I lay in bed, staring at the flood-lit towers of Notre Dame. The sky-light in my room looked straight onto the cathedral. Founded by Saint Landry in 651 AD, the Hôtel-Hopitel Dieu was the first hospital in Paris, and still cares for ill Parisians. The ghosts of some 1300 years of medical history glide along its marble corridors, whispering in consultation outside the wards, then pass into the old-fashioned lifts to visit the fourteen quiet hotel rooms hidden on the sixth floor.
Hotels can be seen as merely a place to sleep, or they can be another layer in all the experiences of travel. They don’t have to be expensive (fortunately!) but as I love pre-dawn and evening strolls, and watching a neighbourhood change by the hour, I try to pick a place to stay somewhere interesting for my walks. If the hotel comes with its own history, is in a old part of town and has a great cafe or restaurant nearby (hello, Paris!) it’s hard to resist. The Hôtel-Hopitel Dieu offered it all.
I first went to Hong Kong some forty years ago, and immediately felt a bond with her vibrancy and way of life, her noise, her chaos, even the smell of the place. Shopping Hong Kong’s markets are always high on my to do list whenever I visit. Every visit I discover a new one, maybe only a street or two long, but I still have my favourites I return to again and again. They are also a great place to start when discovering The Fragrant Harbour for the first time. Combining local atmosphere with bargains, Hong Kong’s markets are a place where everything from bobby pins to (mostly fake) antiques are for sale – and when the heat and haggling become too much, there is always somewhere to sit and, with a cool drink and a delicacy to nibble, watch the world pass by.
Here are some of my suggestions for both first time and also frequent visitors: Continue Reading →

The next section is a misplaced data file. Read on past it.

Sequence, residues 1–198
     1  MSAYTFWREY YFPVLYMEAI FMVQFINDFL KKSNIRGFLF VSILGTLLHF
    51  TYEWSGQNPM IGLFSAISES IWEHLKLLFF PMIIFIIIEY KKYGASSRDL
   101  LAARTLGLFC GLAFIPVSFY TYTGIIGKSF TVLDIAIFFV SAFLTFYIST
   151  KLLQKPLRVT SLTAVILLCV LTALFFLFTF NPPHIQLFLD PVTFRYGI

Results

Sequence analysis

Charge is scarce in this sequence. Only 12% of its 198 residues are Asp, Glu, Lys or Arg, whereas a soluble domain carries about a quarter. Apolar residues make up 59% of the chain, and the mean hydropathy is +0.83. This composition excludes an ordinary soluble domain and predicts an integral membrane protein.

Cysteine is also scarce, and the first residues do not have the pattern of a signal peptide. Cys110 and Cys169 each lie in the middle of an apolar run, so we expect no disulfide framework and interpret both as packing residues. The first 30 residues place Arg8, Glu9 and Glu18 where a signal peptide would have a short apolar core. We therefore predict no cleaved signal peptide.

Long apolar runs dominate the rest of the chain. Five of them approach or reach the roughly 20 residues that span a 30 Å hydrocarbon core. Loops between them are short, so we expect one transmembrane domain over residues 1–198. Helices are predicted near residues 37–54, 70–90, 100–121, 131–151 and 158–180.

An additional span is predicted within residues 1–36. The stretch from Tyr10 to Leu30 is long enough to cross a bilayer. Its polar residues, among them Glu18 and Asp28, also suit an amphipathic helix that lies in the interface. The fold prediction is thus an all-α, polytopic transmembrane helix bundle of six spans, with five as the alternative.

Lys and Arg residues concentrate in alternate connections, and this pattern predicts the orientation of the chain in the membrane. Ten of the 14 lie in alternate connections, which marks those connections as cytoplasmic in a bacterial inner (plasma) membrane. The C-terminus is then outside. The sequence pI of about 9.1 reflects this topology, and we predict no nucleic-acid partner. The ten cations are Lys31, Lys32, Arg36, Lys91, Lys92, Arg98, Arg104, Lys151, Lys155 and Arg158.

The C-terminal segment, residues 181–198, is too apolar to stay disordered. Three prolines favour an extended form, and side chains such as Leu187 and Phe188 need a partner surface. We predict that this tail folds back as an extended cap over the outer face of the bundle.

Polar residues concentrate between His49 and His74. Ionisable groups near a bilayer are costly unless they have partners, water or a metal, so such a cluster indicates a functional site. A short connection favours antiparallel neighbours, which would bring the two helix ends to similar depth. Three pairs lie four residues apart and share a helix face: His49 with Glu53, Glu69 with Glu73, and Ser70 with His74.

The train sped through the rainy afternoon, past green fields dotted with stone farmhouses and fat cows. As dusk gathered the train finally stopped in the deserted village of Pontorson. In the gloom it took me a while to find the exit from the station: a walk over the tracks then through a knee-high gate, to the patiently waiting bus.
After some twenty minutes the lights of the island suddenly appeared. Against the darkness Mont St Michel rose from the sea, unchanged from medieval times when the island became a mystical emblem of the heavenly Jerusalem, an earthly image of paradise.
I stumbled into reading this book. My first introduction to Moriarty was hearing my husband laugh as he read Big Little Lies. When our kids were younger he had been head of the local school’s P&C. A school very much like the one Moriarty describes. With much the same parents. Truly Madly Guilty has moved from the school grounds to tree-lined suburbia. Essentially the story revolves around three married couples. Everyday, ordinary couples – and as always with the everyday, they carry their secrets and failings, believing no one else can see them. As the opening epitaph states: Music is the silence between the notes (Debussy). The novel revolves around what is said, and not said – and when the little things aren’t spoken about, they grow to assume profound significance. Continue Reading →
I should start by saying I don’t believe in ghosts. Never have. Belief is probably the wrong word, as it has no role in scientific argument. Belief and facts are two separate issues. (The classic example: 2+2 = 4. I can believe 2+2 =5 all I want, but the fact remains.) The concept of an incorporeal being able to also interacting with the physical world – tapping me on the shoulder then walking through a wall, for example – defines scientific laws. The only I can see is that a being a spirit or whichever term you care to use comes with an innate knowledge of quantum physics as yet unknown to us (just as vampires seem to have a great knowledge of king fu). Continue Reading →
Rosemary is useful as a lotion when a man is threatened with insanity. It is an excellent remedy for the stranguary, stone and catarrh. For swelling and pain in the legs, bruise rue, honey and salt. Apply thereto and it will disperse the swelling.
In the early 13th century, Rhys the Stammerer (warrior son of the Welsh Prince Rhys ap
Gruffydd), became Lord of Dinefwr and Llandovery castles. This title granted the right to call to his service a doctor from amongst his freeholders. Under Rhys’ patronage, Rhiwallon and his three sons, Cadwgan, Gruffydd and Einon, established a medical dynasty; the last of their line, Rice Williams, died in 1842. The gravestones of two other descendants, David Jones (d.1719) and John Jones (d.1739), stand in the parish church of Myddfai (in Carmarthenshire, south western Wales). Continue Reading →